Black Lives Matter – Power of Interest Groups

Throughout history, interest groups have influenced public policy based on a particular interest or concern. An example of an interest group that has been significantly vocal in the 21st century is Black Lives Matter. The group describes itself as a decentralized social movement that advocates for non-violent civil disobedience in protests against incidences of racially motivated violence against black people and police brutality (“Black Lives Matter – Home”, 2020). Although the group is mostly established in the United States, it recognizes and affirms the sanctity of black lives worldwide.

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The power of Black Lives Matter comes from the citizens. When police brutality or racially motivated violence against Black people happens, the group mobilizes citizens to conduct protests worldwide. The group also has established donation channels that willing citizens can contribute to support its cause. Without the power of the masses, the group does not have any significant power. To put this into context, in 2020, an unarmed civilian was murdered by the Special Anti-Robbery Squad of the Nigerian police. Black Lives Matter responded to the incident by mobilizing young Nigerians through social media platforms and its website to hold protests to denounce years of police brutality, abduction, torture, and killing in the country. The demonstration stands out in history as one of the largest Nigerian demonstration in generations (“Black Lives Matter – Home”, 2020). Therefore, Black Lives Matter draws its power from citizens.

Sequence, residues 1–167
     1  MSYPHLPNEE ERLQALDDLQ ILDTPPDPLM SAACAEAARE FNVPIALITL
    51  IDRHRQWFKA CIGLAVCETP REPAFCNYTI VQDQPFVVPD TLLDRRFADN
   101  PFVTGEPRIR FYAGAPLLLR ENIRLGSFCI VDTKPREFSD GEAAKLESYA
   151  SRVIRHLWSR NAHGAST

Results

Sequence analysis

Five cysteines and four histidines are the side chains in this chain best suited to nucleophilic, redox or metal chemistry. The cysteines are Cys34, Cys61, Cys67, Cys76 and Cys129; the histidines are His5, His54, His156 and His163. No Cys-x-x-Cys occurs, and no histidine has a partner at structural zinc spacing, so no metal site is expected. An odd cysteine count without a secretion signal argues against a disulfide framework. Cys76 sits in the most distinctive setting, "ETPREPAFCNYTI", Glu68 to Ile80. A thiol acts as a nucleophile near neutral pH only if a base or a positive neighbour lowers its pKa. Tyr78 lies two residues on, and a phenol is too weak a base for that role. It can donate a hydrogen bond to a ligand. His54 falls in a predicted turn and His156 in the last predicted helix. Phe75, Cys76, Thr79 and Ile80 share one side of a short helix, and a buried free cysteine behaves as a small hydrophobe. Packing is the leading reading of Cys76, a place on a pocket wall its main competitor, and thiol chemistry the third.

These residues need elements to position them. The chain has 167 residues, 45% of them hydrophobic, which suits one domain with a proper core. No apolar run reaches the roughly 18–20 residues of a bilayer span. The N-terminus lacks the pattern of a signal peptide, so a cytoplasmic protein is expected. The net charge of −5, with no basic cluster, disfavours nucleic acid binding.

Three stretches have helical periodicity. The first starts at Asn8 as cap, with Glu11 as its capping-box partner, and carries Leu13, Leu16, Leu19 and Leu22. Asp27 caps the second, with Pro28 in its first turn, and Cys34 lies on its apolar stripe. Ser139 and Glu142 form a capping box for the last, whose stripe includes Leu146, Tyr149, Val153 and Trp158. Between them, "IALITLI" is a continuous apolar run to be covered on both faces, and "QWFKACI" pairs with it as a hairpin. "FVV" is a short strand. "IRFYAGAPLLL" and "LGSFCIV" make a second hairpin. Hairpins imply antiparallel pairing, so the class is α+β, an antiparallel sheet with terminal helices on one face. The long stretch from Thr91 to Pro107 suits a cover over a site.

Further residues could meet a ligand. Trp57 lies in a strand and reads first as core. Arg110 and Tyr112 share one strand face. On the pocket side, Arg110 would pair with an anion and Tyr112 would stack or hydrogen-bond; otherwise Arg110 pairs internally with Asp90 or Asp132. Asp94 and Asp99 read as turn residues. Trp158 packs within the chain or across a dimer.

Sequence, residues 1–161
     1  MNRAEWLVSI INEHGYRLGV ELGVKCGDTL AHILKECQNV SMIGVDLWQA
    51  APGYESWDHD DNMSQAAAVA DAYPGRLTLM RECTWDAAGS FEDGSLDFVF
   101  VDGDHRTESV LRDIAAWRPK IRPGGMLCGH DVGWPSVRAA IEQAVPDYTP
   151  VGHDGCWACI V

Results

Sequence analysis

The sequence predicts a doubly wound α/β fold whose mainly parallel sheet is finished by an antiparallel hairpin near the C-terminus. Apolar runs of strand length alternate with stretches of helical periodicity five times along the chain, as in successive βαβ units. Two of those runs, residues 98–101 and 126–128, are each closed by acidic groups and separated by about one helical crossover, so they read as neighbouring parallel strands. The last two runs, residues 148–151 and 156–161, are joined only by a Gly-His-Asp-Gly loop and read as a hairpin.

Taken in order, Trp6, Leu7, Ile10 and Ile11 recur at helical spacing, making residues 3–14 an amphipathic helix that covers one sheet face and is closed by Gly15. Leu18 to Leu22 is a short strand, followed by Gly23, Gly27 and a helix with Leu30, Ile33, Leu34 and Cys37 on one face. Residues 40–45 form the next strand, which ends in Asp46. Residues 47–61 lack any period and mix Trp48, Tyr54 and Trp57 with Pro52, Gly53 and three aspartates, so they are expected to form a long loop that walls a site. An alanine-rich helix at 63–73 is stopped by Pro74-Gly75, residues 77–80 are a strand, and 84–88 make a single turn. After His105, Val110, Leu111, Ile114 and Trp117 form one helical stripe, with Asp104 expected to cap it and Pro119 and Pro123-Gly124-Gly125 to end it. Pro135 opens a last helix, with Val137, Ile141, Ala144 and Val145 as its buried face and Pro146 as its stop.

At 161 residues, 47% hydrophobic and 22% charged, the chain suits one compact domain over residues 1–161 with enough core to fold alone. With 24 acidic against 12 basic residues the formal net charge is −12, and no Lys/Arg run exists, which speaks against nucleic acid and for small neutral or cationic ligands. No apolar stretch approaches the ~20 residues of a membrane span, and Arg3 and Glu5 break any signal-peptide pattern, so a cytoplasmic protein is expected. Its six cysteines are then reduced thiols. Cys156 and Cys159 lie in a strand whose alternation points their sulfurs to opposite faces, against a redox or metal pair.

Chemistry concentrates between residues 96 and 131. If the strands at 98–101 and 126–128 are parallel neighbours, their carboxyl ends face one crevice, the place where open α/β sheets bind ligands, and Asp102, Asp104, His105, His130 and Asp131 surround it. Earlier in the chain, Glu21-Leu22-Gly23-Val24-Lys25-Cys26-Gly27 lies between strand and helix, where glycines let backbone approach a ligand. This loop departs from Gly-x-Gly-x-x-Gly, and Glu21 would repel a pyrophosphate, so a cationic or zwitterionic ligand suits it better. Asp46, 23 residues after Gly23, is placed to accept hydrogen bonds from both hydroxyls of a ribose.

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Over the years, the power of Black Lives Matter has significantly increased. The group has gained power due to the numerous incidences of police brutality and racially motivated violence against Black people, especially in the US. For instance, in 2020, the US has seen several events of racially motivated violence and police brutality. The one that stood out the most is the brutal killing of George Floyd, an African-American, by a Minneapolis police officer (“George Floyd: What happened in the final moments of his life”, 2020). The killing led to the “I Can’t Breath” campaign, whereby the slogan was associated with the Black Lives Matter in the US (“‘I can’t breathe’: The refrain that reignited a movement”, 2020).

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Such incidences have caused the group to gain immense power. They provide latitude for it to convince the public that there is an urgent need for policy change, which can only happen if citizens join solidarity to fight police brutality and racially motivated violence against Black people. It is worth noting that the group can lose its power if police brutality and racially motivated violence against black people drastically declined or dramatically stopped. Notably, the group would no longer have a cause to defend and, therefore, would lose its power.

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Black Lives Matter, as an interest group, alludes to the need to differentiate between formal and informal interest groups. Notably, formal interest groups are established by organizations to achieve a specific objective (Bellush, 2019). On the other hand, informal interest groups are formed by members of such groups by themselves. As such, informal interest groups emerge naturally in response to the common interests of the group members. For informal groups, they draw their power from citizens while formal group’s power is instilled in their respective organizations (Hanegraaff & Poletti, 2019). From this distinction, Black Lives Matter fits in the informal interest group category.

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